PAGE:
• The International Railway Company of Maine was incorporated federally in Canada for the portion between Megantic and the border. In 1887 it was placed under the Atlantic and North-West Railway Company, a CPR subsidiary.
  • The International Railway Company of Maine was incorporated in the state of Maine for the portion between the border and Mattawamkeag and assumed the charter of a previous company of the same name that had been organized in 1871.

Construction began in 1886-1887 and proceeded in both directions from various points on the route. The new line opened in June 1889 and CPR obtained trackage rights over the Maine Central from Mattawamkeag to Vanceboro, and purchased the New Brunswick Railway to acquire control of the route from Vanceboro to Saint John, as well as a branch line network in western New Brunswick and northern Maine.

Interchange points

The new CPR line across Maine to Saint John was the last link in created a transcontinental railway, although the section from Mattawamkeag to Vanceboro was operated under trackage rights. In the 1950s, the Maine Central purchased the E&NA shares for approximately $3 million USD and in 1974, CPR purchased the Mattawamkeag-Vanceboro portion from the Maine Central, finally securing ownership and operation of its entire transcontinental network.

The CPR operated its new line across Maine as its International of Maine Division for many years; the International Railway Company of Maine existing on paper for operating purposes, however the track and all operations became seamless in the CPR system.

The Quebec Central Railway anticipated that the new CPR main line across Maine to its winter port of Saint John would result in traffic to Quebec City, thus the QCR built a line from Megantic north to Vallee Junction in the Beauce River valley.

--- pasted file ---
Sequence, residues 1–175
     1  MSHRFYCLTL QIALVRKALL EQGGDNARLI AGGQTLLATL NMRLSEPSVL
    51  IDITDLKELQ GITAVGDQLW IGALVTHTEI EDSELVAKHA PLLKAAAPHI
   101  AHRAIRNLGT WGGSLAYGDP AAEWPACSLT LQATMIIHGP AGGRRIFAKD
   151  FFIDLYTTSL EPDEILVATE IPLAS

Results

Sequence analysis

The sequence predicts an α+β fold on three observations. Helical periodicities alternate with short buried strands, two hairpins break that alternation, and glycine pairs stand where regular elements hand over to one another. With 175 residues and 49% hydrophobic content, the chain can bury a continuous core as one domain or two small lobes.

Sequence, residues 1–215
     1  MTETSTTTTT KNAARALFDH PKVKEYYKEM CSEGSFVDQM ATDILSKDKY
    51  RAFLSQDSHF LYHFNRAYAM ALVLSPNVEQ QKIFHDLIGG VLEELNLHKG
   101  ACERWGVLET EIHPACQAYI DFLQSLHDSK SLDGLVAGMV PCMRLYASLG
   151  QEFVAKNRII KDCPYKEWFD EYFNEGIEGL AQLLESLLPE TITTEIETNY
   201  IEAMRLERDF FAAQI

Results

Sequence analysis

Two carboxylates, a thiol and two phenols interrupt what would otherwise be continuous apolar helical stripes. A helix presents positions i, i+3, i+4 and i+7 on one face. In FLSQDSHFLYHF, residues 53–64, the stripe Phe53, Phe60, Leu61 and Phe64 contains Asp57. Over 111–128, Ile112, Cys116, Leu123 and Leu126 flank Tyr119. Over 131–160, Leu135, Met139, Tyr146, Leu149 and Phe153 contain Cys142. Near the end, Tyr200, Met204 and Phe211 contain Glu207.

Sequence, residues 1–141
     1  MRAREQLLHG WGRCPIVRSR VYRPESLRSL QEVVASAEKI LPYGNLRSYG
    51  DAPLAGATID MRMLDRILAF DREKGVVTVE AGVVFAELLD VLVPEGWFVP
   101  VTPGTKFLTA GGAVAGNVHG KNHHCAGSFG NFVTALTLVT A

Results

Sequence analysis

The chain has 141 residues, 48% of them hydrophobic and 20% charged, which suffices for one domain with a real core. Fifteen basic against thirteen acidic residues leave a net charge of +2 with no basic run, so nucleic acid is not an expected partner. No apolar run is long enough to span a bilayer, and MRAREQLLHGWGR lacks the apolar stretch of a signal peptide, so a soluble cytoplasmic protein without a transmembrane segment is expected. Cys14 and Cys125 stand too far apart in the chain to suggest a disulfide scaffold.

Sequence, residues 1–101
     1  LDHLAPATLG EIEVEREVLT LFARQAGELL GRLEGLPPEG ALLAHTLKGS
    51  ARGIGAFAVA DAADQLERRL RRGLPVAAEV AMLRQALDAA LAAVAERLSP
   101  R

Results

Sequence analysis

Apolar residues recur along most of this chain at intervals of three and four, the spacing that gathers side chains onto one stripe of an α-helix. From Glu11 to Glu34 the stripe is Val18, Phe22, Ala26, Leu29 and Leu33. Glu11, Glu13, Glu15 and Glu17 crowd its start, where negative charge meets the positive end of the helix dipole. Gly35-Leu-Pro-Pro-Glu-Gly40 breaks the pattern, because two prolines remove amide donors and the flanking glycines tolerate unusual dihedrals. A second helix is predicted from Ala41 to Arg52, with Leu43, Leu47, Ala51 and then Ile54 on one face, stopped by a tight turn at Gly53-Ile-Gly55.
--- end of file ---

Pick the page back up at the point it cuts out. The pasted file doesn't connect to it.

The north-south oriented Bangor and Aroostook Railroad created an interchange with CPR at Brownville Junction, Maine. In addition to interchanging with CPR at Vanceboro and Mattawamkeag, the Maine Central also had an interchange with the CPR further west of Brownville Junction near the lake and ski resort community of Greenville, Maine.

Passenger and freight service

The new route was served by CPR's passenger rail service between Windsor Station in Montreal and Union Station in Saint John, where passengers could continue on the Intercolonial Railway to Moncton and Halifax.

Until the early 1960s, traffic on the International of Maine Division was extremely heavy and the railway was well-used.

The 201 mile section of railway across the state of Maine was operated directly by CPR from 1889 to 1988. The opening of the St. Lawrence Seaway in 1958 and the provision of icebreaking services for the port of Montreal by the new Canadian Coast Guard after the 1960s saw the importance of a winter port at Saint John diminish.

Vanceboro sabotage attempt

During World War I, the CPR line became infamous for being the sabotage target of a German army officer. The United States was still a neutral country at that point and CPR was not permitted to transport war material and troops across US soil on the way to Saint John (most war goods were transported in Canada on the government-owned Intercolonial Railway instead. However Imperial Germany was convinced that CPR's route across Maine was being used for the war effort and sought to destroy the bridge over the St. Croix River between Vanceboro and St. Croix. The officer travelled to Vanceboro and stayed in the local hotel, then laid explosives which detonated but did not damage the bridge. He was arrested and then jailed by the US.